Inbound students Study Abroad and Exchange at the University of Melbourne
Exchange in Semester 2, 2007
Bachelor of Science and Diploma of Modern Languages (French)
The excitement and enthusiasm of returned exchange students is contagious. Whether it was the numerous anecdotes of the people they met or the amazing places they saw, it was in hearing their tales of life on different shores that I was drawn into applying for exchange. And so it was with the thought of making that same excitement my own reality that I decided to spend a semester at the University of Toronto, Canada.
Choosing where to go on exchange was as much about experiencing a new way of teaching as it was getting the most out of a new corner of the world. Home to one of the best universities in Canada, and with places like Montreal and New York on its doorstep, Toronto encompassed all this and more. Like the city it finds itself in, UofT provided the same diversity that so distinctly characterizes Toronto (or Toronno as you may eventually learn to call it), and it was this same breadth and depth of teaching that attracted me to studying there.
The immensity of Toronto can initially be overwhelming, as can the size of the UofT campus that seems to spread itself over an infinite amount of blocks. Yet surprisingly, within what is quite a studious university is also a hive of social activity that is always buzzing for anyone that wishes to find it. With an abundance of student clubs, an even greater list of sports and an extremely welcoming international student centre, you will soon find yourself part of a community that somehow reduces a very large place down to a more palatable array of the many social pockets of which it consists.
Living in a student residence also played a large part in my time spent abroad and deciding to live in one was influenced by two main factors. Firstly, I saw it as a way to get to know other students, particularly exchange students. It became a fun, social environment from which I gained some of my greatest friends on exchange and it was very much the "family away from home". Secondly, like UofT, its centralized location, in what would be the Melbourne equivalent of Flinders Street, was a great base to get to know the city of Toronto well. Just as Melbourne harbours something new down each of its laneways, so does Toronto have a surprise around every corner. From its great live music, to every type of cuisine you could imagine, Toronto's enormity means there is a little bit of something for everyone, and being in amongst it all was the best way to discover it.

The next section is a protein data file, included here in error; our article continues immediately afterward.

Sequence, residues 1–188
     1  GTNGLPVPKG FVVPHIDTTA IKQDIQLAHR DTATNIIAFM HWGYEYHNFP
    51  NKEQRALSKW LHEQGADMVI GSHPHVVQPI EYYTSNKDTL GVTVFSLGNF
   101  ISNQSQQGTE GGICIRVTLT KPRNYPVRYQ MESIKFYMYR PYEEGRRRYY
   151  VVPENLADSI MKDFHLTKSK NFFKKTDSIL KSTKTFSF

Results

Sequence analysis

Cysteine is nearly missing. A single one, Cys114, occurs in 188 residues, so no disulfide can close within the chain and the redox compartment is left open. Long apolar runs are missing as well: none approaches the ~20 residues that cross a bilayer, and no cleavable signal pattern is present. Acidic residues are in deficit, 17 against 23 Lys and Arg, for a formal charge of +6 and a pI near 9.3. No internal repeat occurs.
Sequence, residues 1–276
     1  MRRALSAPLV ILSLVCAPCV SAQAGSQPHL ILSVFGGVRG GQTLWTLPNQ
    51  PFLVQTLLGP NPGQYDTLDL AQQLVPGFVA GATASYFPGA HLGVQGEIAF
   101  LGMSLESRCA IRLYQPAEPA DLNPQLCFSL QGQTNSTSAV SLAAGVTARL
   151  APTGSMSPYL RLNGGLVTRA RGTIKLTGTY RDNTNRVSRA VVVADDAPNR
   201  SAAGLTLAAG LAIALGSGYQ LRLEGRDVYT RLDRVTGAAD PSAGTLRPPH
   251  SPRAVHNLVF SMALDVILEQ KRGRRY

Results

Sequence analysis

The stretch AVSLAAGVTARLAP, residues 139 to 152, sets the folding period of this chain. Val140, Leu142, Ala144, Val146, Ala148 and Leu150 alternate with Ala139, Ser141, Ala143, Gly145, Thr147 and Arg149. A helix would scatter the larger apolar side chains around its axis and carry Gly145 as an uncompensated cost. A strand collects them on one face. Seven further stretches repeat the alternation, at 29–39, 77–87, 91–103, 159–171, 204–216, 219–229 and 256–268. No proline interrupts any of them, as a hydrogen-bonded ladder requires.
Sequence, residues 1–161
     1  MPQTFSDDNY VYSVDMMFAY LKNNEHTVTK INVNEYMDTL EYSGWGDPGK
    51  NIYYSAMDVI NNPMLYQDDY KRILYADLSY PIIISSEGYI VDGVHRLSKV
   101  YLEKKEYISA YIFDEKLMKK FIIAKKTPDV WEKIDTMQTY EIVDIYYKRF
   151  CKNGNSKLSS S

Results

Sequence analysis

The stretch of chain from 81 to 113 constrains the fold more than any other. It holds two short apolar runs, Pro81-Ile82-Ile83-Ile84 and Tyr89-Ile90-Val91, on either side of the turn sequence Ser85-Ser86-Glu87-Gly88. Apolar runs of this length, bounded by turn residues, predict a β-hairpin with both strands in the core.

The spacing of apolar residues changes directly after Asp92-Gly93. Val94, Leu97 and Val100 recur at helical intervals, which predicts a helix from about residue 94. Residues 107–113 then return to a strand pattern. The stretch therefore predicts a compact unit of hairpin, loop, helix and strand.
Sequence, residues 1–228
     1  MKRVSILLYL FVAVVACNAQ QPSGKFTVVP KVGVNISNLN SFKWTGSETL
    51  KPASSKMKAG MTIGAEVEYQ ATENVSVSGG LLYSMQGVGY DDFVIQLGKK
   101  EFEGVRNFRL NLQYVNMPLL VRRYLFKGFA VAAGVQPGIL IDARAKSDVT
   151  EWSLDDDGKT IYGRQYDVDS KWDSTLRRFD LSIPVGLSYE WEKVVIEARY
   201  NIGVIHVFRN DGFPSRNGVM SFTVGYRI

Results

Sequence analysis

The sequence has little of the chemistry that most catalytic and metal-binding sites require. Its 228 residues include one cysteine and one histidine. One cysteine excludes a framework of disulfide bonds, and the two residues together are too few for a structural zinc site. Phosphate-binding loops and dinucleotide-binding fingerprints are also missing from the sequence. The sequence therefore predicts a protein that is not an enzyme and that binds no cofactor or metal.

Although becoming bored of Toronto really doesn't seem possible, escaping the big city life was also quite easy. There were regular trips organized by the international student centre to some of the beautiful spots around Ontario like Algonquin Park where, if you're lucky, you may just see a moose or two! And semester breaks, such as Thanksgiving or that much needed "study break", provided great opportunities for road trips to Montreal, Niagara Falls and the city that really never does sleep, New York. Your itinerary is as long as you make it, but keep in mind that Canada is a deceptive in size so if you want to see the west coast or the breath-taking Canadian Rockies I would suggest trying to get there either before or after your exchange as its great to see the contrast between East and West too.
I could go on for quite a while with the "whys" and the "why nots" but really the only way to get the true flavour of Toronto is to go there. One of the greatest things about exchange is being able to create your own vision of a place rather than relying on perceptions imbued with the experiences of others. Living and studying in Toronto last semester allowed me to do just that. UofT provides a very high standard of teaching unrivalled by many other universities, and combined with its convenient location Toronto is very much the "all in one" destination of Canada.
But don't just take my word for it, go and see it for yourself!